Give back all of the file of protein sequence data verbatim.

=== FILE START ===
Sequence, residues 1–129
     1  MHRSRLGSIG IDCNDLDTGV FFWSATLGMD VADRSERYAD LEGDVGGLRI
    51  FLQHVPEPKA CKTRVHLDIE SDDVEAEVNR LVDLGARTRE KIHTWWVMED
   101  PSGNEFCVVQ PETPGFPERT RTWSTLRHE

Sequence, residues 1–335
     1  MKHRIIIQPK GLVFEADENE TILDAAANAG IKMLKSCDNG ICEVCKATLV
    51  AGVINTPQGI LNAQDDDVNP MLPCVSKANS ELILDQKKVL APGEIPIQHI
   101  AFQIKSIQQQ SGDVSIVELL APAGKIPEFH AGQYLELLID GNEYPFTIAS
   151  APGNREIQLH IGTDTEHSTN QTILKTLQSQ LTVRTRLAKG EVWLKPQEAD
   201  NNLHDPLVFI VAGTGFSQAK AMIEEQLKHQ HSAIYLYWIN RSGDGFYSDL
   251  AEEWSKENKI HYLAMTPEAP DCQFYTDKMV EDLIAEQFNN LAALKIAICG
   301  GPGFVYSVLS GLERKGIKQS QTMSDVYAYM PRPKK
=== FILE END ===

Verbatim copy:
Sequence, residues 1–129
     1  MHRSRLGSIG IDCNDLDTGV FFWSATLGMD VADRSERYAD LEGDVGGLRI
    51  FLQHVPEPKA CKTRVHLDIE SDDVEAEVNR LVDLGARTRE KIHTWWVMED
   101  PSGNEFCVVQ PETPGFPERT RTWSTLRHE

Sequence, residues 1–335
     1  MKHRIIIQPK GLVFEADENE TILDAAANAG IKMLKSCDNG ICEVCKATLV
    51  AGVINTPQGI LNAQDDDVNP MLPCVSKANS ELILDQKKVL APGEIPIQHI
   101  AFQIKSIQQQ SGDVSIVELL APAGKIPEFH AGQYLELLID GNEYPFTIAS
   151  APGNREIQLH IGTDTEHSTN QTILKTLQSQ LTVRTRLAKG EVWLKPQEAD
   201  NNLHDPLVFI VAGTGFSQAK AMIEEQLKHQ HSAIYLYWIN RSGDGFYSDL
   251  AEEWSKENKI HYLAMTPEAP DCQFYTDKMV EDLIAEQFNN LAALKIAICG
   301  GPGFVYSVLS GLERKGIKQS QTMSDVYAYM PRPKK